When we ran an analysis piece on the outdoor market back in October 2009, we had the temerity to suggest that all was not quite as rosy as was being painted.
The industry was talking up the market by pointing out that available inventory across the last quarter was disappearing rapidly, leading many to the conclusion that a recovery was underway. We reported a contrarian view that lack of availability was a reflection not of an increase in demand but the consequence of a restriction in supply. Not only that - it reflected attempts by contractors to maintain an informal, de facto, industry-wide attitude towards yield.
Ironically, perhaps, it soon became apparent that some elements of the outdoor media owner market were beyond even the help of supply management.
Both Titan and CBS Outdoor had been subject to speculation for many weeks. For instance, Clive Punter, the CBS Outdoor international chief executive, had stepped down in August; and he'd been followed out of the door in September by its UK managing director of sales and marketing, Tim Bleakley.
Last week, the company revealed its profits during the last quarter had gone into freefall, down 97 per cent worldwide (the UK figures aren't broken out: but they're not likely to make for comfortable reading). In January 2010, a new start was signalled when Mike Moran was hired as its UK managing director.
The story over at Titan is more unsettling. Its revenues had also collapsed - and in January, having gone into administration, its railside business was bought by JCDecaux. Revenues have, many in the market say, been stabilising - and the first quarter of 2010 should be flat or better. But there's still a feeling of uncertainty.
This hasn't been helped by the fact that one of the UK's main buying points (outdoor buying in the UK is dominated by the Aegis-owned Posterscope and the WPP-owned Kinetic, who between them control more than 80 per cent of the market) is still in the midst of a major management transition phase. Last week saw the departure of Paul Shearring, Kinetic's UK chief executive, with James Copley, the chief operating officer, taking on his responsibilities.
1. Kinetic launched in May 2005, following regulatory approval of WPP's takeover of Poster Publicity Limited in a deal that had been announced in July 2004. PPL was effectively merged with WPP's existing (but underperforming) international outdoor planning specialist network, Portland Outdoor. PPL executives retained 50 per cent of the nominal equity in the new venture and secured most of the senior management roles on five-year earn-out contracts. PPL's group chief executive, Eric Newnham, became the Kinetic group chief executive; PPL's European managing director, Mike Segrue, became group client director; Paul Shearring took the position of UK chief executive; while Steve Ridley headed up the US operation.
2. June 2010 had been fixed as the target date for WPP to complete its acquisition of full control and set sail with a full complement of new managers on board. In July 2009, it parted company with Segrue, who left without another job to go to. Earlier in the month, Kinetic had appointed Simon Crisp (formerly the boss of the digital sandwich board company Adwalker) to the post of chief executive EMEA, replacing David Payne, who'd become the US chief executive in April 2009.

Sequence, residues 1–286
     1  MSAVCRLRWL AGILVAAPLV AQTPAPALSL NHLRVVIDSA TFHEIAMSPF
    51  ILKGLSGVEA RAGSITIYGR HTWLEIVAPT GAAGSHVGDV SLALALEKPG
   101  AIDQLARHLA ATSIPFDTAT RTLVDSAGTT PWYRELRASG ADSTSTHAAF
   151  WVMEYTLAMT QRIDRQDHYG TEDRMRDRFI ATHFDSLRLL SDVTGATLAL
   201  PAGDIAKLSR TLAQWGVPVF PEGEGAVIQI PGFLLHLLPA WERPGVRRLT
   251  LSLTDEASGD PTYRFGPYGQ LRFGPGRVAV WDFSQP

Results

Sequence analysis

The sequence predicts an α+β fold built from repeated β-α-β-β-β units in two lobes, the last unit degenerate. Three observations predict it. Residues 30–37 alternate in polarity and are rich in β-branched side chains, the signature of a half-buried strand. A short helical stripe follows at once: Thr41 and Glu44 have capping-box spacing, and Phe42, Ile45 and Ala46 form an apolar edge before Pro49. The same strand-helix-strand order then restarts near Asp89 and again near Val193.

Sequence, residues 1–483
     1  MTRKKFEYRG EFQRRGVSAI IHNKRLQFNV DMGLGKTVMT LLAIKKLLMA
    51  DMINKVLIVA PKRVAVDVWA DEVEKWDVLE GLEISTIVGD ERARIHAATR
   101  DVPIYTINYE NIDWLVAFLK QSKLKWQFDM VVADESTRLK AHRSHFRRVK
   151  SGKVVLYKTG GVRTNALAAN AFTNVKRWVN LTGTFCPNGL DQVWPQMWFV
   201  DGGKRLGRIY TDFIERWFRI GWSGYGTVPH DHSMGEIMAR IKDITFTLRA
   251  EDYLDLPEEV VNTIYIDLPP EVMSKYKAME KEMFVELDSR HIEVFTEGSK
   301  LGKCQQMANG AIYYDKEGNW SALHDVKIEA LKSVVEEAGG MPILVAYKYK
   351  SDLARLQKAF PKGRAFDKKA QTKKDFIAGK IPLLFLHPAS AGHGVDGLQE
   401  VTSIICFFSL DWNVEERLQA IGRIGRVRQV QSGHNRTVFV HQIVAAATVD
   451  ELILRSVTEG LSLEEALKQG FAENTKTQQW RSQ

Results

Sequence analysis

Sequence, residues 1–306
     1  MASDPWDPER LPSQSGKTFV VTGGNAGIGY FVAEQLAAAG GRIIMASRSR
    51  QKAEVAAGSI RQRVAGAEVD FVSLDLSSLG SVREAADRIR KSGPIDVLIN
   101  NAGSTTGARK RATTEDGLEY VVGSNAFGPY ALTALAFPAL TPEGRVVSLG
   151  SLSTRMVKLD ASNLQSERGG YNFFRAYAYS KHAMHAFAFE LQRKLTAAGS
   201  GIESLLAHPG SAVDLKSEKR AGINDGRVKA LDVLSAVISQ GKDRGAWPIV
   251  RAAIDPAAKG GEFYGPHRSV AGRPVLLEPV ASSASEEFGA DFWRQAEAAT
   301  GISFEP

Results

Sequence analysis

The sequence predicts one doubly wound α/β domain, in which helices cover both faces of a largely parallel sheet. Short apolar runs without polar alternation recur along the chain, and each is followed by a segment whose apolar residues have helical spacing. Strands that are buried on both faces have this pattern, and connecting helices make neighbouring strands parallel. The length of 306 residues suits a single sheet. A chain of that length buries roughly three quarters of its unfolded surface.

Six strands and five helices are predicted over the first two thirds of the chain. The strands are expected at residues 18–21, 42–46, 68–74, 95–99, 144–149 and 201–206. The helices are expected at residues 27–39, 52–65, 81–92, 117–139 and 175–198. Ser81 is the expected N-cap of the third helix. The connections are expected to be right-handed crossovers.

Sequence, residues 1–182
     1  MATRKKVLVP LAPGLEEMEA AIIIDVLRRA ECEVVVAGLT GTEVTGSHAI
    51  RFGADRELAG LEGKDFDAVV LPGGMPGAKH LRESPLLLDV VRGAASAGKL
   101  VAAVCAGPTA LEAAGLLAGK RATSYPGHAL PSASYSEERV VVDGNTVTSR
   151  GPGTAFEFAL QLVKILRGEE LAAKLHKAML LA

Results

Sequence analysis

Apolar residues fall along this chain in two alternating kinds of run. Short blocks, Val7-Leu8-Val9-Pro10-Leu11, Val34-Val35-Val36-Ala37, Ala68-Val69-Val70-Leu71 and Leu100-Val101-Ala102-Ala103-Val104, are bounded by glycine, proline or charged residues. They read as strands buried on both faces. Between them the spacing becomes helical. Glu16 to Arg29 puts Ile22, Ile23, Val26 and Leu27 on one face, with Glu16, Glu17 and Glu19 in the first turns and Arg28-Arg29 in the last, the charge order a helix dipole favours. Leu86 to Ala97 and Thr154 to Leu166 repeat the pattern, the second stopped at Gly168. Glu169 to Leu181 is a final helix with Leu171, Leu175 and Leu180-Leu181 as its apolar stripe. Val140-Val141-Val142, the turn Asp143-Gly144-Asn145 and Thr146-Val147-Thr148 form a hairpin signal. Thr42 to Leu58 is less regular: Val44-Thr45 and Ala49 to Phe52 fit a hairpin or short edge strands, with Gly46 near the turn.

3. Last week, there was an undercurrent of speculation in the market that Shearring's departure had been arrived at sooner than planned. WPP sources refute this absolutely - and others in the market say that the announcement was hardly a surprise, given the ongoing nature of his earn-out talks. Now the focus moves to Newnham. If he does eventually decide to move on, his will not be easy shoes to fill.
4. There was also speculation that WPP has been pushing forward the acquisition of full Kinetic control in order that it might be more unambiguously integrated into a Group M reporting structure. Again, WPP sources say that this doesn't really add up.
Kinetic is, they say, very clearly a Group M family agency but has too much valuable third-party business (not least Starcom's outdoor buying) to risk moving Kinetic too close to the reporting structures linking Group M to its Mediaedge:cia, Mindshare and MediaCom planning and buying agencies.
WHAT IT MEANS FOR ...
- The major contractors say that the revenue prospects are looking optimistic again - and they continue to believe that the Kinetic-Posterscope buying duopoly works in the best interests of the medium as a whole. So they clearly hope that the senior management transition at Kinetic is ably handled - and despite last week's speculation in some quarters, they're pretty confident that it is.
- For many years, there have been calls for greater transparency and clarity in the outdoor market. A market dominated by two buyers and three sellers is clearly open to allegations of abuse, some say - and there are dissident voices on both sides of the outdoor fence who maintain that abuses do indeed take place.
- There were those who believed that the WPP chief executive, Sir Martin Sorrell, would, when the Kinetic founders moved on, seek to modernise the group's approach to outdoor - and, indeed, end its not entirely splendid isolation as a medium.
- After all, if agencies can bust a gut to integrate the fiendish complexities of digital into their mainstream offerings, then the rocket science world of posters shouldn't be too challenging either. But there seem to be indications that this is not (if it ever has been) on the agenda.
- Forget succession management and the strategic complexities facing outdoor as a standalone specialism - just count the money. Kinetic is about to reap its own share of the spectacular stream of account wins recently by Group M agencies - including COI.